New Internationalist

Why sell your youth to big business?

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Demanding jobs leave little time to relax Mario Pleitez under a Creative Commons Licence

A 21-year-old German banking intern, Moritz Erhardt, died working at the London branch of Merrill Lynch. He was found dead in the shower and an investigation into his death is currently underway.

Moritz was by all accounts hard working in the extreme. Diligent, driven, capable, efficient, he was considered one of the lucky ones. He'd got the coveted position in a prestigious global bank, cherry-picked from hundreds of other good, probably excellent, applicants.

Bank colleagues and fellow interns told the media that the aspiring student was a ‘superstar’, adding. ’he worked very hard and was very focused. We typically work 15 hours a day or more and you would not find a harder worker than him.’ One colleague told the Evening Standard: ‘He seemed a lovely guy and was very popular with everyone. He was tipped for greatness.’

Young people who make it into much sought-after firms know they are the 'chosen ones'. They are paid handsomely and have perks thrown at them: fancy lunches and dinners, chauffeur driven cars. They feel they've made it. And since the bank or company treats them like VIPs, which they are, they need to perform in a manner commensurate with the fat salaries and unlimited perks. So their corporate bosses fatten them up beautifully before going for the jugular. They sign up for the good life and that's it. They step into their gilded cages and are in bondage for the next few years. When you are 21, burnout, exhaustion, or sleep deprivation seems a joke. So does work-life balance. You are only young once, is the logic. And if you can't work at a frenetic pace now, what will you produce when you get old and tired? Meaning 40, probably.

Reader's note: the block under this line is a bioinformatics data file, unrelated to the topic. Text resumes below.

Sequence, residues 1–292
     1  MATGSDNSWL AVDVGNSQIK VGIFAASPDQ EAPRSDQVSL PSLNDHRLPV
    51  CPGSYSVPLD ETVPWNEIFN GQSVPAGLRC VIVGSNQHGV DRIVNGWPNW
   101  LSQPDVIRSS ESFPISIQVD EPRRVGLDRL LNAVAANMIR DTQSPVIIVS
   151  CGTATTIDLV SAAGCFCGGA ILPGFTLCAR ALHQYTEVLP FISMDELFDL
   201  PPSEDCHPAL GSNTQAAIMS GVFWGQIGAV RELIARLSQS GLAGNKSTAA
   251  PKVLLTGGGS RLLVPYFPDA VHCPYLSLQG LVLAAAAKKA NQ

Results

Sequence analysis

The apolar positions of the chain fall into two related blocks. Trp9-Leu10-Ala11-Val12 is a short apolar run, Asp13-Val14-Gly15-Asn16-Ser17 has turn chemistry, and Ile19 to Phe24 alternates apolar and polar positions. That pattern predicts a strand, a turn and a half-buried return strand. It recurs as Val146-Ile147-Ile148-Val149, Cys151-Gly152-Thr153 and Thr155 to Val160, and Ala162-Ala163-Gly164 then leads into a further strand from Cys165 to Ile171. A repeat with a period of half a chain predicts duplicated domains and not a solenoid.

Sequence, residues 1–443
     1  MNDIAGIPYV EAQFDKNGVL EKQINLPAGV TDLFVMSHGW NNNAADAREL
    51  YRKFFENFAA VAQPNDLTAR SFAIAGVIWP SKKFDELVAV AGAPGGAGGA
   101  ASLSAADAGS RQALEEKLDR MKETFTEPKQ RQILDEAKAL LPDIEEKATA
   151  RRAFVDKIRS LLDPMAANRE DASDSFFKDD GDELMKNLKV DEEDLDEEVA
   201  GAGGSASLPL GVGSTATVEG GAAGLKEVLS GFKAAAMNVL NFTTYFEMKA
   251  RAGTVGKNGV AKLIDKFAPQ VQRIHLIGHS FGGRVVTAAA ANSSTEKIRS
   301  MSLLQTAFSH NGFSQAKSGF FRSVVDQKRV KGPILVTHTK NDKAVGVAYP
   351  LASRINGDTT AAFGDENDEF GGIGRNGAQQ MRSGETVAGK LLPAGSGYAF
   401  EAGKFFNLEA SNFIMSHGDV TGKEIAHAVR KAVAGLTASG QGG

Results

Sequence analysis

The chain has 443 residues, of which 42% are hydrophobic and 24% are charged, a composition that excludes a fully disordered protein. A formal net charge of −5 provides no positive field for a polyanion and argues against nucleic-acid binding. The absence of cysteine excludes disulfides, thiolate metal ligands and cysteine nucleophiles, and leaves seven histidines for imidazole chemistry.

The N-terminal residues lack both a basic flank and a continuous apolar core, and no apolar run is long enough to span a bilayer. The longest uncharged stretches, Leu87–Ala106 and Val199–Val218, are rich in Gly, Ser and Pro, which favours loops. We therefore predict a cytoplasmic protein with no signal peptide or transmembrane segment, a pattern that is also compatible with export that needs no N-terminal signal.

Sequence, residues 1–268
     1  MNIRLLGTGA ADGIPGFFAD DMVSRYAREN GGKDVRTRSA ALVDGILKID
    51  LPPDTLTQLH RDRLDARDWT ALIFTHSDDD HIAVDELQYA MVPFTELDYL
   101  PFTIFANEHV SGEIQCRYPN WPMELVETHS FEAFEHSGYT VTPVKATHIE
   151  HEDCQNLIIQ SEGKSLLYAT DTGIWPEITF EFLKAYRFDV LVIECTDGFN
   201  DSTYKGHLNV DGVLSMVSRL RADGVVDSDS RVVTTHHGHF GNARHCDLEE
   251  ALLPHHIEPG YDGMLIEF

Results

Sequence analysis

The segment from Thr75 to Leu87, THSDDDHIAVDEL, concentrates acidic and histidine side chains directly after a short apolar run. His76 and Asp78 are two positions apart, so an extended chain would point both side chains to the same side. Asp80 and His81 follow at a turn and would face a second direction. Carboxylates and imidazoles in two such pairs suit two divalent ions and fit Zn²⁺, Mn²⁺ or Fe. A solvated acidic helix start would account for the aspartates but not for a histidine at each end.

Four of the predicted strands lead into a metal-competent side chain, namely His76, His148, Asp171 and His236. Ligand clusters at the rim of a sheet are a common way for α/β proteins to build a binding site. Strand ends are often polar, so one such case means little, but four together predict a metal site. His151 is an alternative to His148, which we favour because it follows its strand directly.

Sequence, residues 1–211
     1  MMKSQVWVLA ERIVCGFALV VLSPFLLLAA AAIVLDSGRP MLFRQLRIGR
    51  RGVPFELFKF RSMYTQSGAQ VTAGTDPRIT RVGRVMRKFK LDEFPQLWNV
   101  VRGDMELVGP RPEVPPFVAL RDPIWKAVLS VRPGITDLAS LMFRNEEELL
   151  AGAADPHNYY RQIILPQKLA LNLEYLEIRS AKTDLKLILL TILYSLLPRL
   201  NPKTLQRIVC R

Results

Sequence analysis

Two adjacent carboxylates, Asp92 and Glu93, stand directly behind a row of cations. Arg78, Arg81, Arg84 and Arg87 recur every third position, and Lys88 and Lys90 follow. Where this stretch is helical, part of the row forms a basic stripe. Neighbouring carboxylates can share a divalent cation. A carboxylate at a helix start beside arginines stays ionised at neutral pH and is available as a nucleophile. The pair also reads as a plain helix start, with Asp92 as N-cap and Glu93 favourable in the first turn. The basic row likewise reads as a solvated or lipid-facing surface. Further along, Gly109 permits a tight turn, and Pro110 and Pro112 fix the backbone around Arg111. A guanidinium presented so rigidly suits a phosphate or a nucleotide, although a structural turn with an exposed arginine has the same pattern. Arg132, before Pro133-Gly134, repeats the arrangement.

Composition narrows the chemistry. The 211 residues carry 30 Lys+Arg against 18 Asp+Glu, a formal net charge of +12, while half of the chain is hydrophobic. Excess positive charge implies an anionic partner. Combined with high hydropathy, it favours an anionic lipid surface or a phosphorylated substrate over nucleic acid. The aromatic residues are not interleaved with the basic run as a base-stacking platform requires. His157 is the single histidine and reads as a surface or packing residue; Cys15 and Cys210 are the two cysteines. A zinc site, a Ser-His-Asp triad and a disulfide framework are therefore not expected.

It's not just the City of London which drives young folk into the ground. All over the world, people in fancy corporate jobs are living on the brink. 'We are in a recession,' they are told. 'Consider yourself lucky to be in a job at all. Work hard. Keep your complaints to yourself.' So they work themselves into exhaustion, feel a failure if they can’t cope with working six and a half days a week for months on end. Constantly on call, they can never switch their mobiles off. They have no time for friends or family. A Bangalore techie told me, 'it's a dog eat-dog-world. You can't make real friends because at the end of the month someone may get a pink slip. All my colleagues are competent, good people but you are trying to show you are better, to get yourself promoted and stay ahead of others who are your peers. So you can’t trust your colleagues. It’s a nasty, unpleasant world in spite of the corporate-driven pubbing, clubbing and five-star team-building, socializing exercises. The pressure is unbearable.

Young people don’t have time to socialize or relax. Forget 'no time to stand and stare', there's never time for an old-fashioned picnic, a day at the beach, to read a book or poetry. They rush to a spa to chill and detox. New Age relaxing has to be done in a driven, slickly managed package. The most serious problem however, is that they are not allowed time for normal, healthy relationships. And if they do manage to meet someone special, relationships and marriages fall apart because of the tremendous pressure of work, outputs, deadlines and horrendously long hours.

The pace of life is not negotiable any more. It’s a given, a package that is taken for granted, comes with the job and the perks and the pay. People think when they land a much coveted, greatly sought-after job, that they've arrived. In actual fact, they are putting their lives on hold. Missing out on their youth, on the fun of being young and carefree. Sometimes the realization hits them. But mostly it’s difficult to jump off the treadmill. You may never get such a well-paid job again. It takes guts, it’s risky.

And all this angst and heartbreak merely for a few dollars more.

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